China's new leaders have inherited a rigorous system of censorship. There are few signs of change under the new leadership, although it is becoming increasingly difficult for the state to control information.
For readers, the New Year edition of the weekly magazine Nanfang Zhoumo was more of the same.
The lead article greeted them with the headline "Dreams are our commitment to do what is necessary." It also contained a quote from new Communist Party leader Xi Jinping: "The great revival in China has always been the great dream of the Chinese people."
Chinese newspapers are full of headlines and quotes like these. But editors at Nanfang Zhoumo were surprised when they saw the magazine in print. They had actually submitted another story for publication with a headline that read "The Chinese dream is a constitutional government."
Headlines like that one are hard to find in Chinese publications, if not impossible. The censor had changed it overnight.
But this time, the editorial team wasn't willing to accept the censorship and went on strike in protest.
"Censorship has become increasingly sophisticated in recent years," said Chang Ping, editor of the exile magazine iSun Affairs and a journalist at DW. Chinese authorities give detailed instructions to editors of how and what to report, he notes. With warnings and sanctions, they also try to prevent critical stories from being published. If journalists decide to publish such stories, they risk being fired, together with their editor.
Chang speaks from experience. He was a former editor-in-chief of Nanfang Zhoumo before he had to vacate his position after publishing a report that was critical of authorities.
Chang doesn't think anything will change in Chinese censorship under the new generation of leaders. "There's currently a lot of talk in China and abroad about a 'tipping point,'" he said. Despite this, Chang, is quick to add, there's also no clear evidence of this happening.
On the contrary, Xi Jinping continuously emphasizes how important it is for the Communist Party to strengthen its power – even by force. "If there is going to be any change in China, then it won't happen under Xi Jinping's leadership," Chang said.
Nor does the human rights organization Reporters Without Borders (RWB) see any movement toward easing censorship – in fact, just the opposite, according to spokeswoman Ulrike Gruska. "We're observing that the government is becoming increasingly nervous," she said.
For the past two years, the Chinese government has been cracking down on the press. Restrictions on journalists grew as the government prepared for a change of leadership. According to RWB, 99 journalists and bloggers were arrested during this period and remain in confinement today.
Despite censorship, interested Chinese readers can find critical coverage, which is actually on the rise. Since the 1990s, many of the country's state-owned publishing companies have been transformed into commercial enterprises that need to find paying customers. One way is to offer them real journalistic content that stays within the borders of censorship but right on the edge.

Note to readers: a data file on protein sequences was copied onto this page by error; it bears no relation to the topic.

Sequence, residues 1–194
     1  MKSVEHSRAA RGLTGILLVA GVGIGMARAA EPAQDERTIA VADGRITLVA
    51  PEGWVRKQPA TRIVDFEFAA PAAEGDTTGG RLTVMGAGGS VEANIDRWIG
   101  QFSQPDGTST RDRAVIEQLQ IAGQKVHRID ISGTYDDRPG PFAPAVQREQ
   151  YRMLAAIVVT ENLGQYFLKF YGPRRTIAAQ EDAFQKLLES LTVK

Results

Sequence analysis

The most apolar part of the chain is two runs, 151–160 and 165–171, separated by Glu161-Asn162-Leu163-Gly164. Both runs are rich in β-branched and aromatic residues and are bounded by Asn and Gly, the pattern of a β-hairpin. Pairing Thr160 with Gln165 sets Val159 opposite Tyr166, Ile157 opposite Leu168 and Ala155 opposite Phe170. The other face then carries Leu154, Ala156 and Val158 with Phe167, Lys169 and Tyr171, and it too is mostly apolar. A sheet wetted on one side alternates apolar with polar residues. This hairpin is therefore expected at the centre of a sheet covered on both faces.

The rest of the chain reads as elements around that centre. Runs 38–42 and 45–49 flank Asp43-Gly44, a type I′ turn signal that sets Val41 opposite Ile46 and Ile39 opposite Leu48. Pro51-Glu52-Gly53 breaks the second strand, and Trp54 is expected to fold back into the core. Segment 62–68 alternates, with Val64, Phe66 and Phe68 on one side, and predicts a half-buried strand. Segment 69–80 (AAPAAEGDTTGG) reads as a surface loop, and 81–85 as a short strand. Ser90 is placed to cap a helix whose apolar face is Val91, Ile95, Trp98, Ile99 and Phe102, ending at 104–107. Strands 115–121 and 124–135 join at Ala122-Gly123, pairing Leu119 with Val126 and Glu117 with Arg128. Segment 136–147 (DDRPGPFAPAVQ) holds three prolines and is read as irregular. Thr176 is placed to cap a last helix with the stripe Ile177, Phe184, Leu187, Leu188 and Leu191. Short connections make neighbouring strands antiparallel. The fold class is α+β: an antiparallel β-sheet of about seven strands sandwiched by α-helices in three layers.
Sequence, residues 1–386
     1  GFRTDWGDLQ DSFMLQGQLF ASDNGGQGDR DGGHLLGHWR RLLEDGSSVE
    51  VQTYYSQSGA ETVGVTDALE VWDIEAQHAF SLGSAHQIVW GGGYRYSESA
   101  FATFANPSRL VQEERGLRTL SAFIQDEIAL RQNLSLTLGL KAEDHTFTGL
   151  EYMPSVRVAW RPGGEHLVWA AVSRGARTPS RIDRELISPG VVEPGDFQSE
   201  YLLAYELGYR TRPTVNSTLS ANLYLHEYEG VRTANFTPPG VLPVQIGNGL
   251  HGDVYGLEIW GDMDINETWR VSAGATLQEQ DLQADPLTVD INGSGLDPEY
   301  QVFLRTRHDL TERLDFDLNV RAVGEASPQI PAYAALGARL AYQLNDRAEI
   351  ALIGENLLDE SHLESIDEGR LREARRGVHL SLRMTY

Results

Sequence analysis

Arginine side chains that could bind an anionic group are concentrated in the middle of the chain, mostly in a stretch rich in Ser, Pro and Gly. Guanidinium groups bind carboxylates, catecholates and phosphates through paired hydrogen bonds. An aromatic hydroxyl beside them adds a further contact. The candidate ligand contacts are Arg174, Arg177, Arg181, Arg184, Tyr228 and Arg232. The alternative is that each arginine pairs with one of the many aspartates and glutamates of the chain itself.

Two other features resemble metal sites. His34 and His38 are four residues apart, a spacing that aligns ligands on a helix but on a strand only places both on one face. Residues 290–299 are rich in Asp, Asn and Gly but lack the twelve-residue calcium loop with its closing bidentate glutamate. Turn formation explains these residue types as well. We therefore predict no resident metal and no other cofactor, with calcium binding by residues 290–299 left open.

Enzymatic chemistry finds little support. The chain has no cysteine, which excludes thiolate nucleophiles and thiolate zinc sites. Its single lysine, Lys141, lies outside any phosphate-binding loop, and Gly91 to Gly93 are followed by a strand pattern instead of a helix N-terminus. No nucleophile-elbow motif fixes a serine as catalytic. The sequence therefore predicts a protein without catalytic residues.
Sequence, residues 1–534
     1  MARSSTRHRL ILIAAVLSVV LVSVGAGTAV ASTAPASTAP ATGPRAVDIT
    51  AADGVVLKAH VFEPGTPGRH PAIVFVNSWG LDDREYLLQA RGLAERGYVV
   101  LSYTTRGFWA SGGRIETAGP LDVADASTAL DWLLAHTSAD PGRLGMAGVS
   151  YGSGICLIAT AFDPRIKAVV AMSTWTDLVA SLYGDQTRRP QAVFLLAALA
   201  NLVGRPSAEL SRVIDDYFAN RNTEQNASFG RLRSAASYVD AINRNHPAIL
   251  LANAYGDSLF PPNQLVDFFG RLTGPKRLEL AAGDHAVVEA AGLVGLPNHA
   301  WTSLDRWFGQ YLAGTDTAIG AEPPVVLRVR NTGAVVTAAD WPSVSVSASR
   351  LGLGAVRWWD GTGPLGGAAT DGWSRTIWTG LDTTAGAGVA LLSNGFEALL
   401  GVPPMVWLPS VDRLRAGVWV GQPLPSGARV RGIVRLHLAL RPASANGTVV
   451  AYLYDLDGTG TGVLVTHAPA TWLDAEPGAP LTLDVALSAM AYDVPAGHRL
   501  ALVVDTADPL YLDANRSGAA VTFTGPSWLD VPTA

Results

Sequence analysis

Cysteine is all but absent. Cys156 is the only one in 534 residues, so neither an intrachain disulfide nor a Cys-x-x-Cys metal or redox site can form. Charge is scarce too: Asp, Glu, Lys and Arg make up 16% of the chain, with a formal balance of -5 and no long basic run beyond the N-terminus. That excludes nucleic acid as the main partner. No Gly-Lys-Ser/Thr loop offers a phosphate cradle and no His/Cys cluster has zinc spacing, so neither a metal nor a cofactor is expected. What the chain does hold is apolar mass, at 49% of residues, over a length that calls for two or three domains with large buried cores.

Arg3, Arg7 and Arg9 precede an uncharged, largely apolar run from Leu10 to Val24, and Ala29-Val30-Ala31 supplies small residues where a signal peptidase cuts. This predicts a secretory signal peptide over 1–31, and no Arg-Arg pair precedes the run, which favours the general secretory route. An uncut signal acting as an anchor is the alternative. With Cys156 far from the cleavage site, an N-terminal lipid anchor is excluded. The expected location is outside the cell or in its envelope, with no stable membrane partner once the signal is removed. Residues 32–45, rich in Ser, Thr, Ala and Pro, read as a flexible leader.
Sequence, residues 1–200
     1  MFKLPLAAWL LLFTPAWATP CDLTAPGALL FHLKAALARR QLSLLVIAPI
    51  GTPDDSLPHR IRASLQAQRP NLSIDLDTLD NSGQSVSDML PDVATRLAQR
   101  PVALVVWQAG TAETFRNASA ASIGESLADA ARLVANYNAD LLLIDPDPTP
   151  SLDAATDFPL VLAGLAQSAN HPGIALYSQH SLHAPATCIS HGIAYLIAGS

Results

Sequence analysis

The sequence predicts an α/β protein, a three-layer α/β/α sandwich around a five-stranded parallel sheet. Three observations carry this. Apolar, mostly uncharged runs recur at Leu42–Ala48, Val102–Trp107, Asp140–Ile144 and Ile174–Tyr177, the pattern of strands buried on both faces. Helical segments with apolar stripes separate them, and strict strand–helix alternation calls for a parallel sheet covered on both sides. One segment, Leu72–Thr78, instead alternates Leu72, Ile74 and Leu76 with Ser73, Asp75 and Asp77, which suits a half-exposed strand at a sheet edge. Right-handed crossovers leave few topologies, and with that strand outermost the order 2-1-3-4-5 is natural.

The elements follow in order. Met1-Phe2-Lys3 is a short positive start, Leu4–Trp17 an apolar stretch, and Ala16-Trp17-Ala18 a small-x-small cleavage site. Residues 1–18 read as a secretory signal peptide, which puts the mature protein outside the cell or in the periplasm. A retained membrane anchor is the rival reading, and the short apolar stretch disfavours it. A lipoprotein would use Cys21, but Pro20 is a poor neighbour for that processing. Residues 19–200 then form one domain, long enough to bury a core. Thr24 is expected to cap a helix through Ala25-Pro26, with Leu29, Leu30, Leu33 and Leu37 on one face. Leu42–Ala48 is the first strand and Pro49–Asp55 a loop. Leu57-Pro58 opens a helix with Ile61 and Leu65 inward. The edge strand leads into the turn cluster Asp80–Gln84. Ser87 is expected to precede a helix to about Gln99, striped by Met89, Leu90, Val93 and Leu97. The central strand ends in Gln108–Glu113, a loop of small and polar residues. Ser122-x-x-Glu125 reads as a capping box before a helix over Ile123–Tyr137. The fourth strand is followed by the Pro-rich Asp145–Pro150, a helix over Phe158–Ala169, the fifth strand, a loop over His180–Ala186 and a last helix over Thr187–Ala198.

"The best investigative pieces in recent years have come from Chinese journalists working under very hard conditions," said Bernhard Bartsch, who has worked for years in Beijing as a correspondent for various German publishers. One of the publishers at the forefront of this development is Nanfang Zhoumo.
Add to that the Internet, which has made censorship increasingly difficult, even in China, which has the world's most sophisticated Internet censorship regime. It consists of filter systems and Internet sensors that trawl the web. It blocks unwanted sites and communicates instructions and bans to Internet portals and social networks.
But with plenty of tricks and a good dose of fantasy, tech-savvy users repeatedly succeed in dodging the censors. "Chinese Internet users are probably the cleverest in the world," says Chang. “They continuously come up with new code words for sensitive topics – codes that the censors don't immediately recognize but other users do. For instance, the seven members of the party leadership are called the ‘Seven Dwarfs.’"
Game of cat-and-mouse
Programs that bypass the censorship technology also continue to flourish in China.
Even journalists who know their research will never pass through the censors find ways to publish it. "Chinese journalists have a lot of practice in putting news quickly in the Internet before the censors can react," said Chang, adding that they can also pay a price for such action. Of the 99 journalists in jail reported by the RSF, 69 of them are being held on charges of publishing content in the Internet.
So the game of cat-and-mouse continues between the censors on the one side and journalists and Internet users on the other. The government is determined to do everything necessary to keep this discussion under control. But it will have to make a greater effort to succeed. And the new leadership knows that.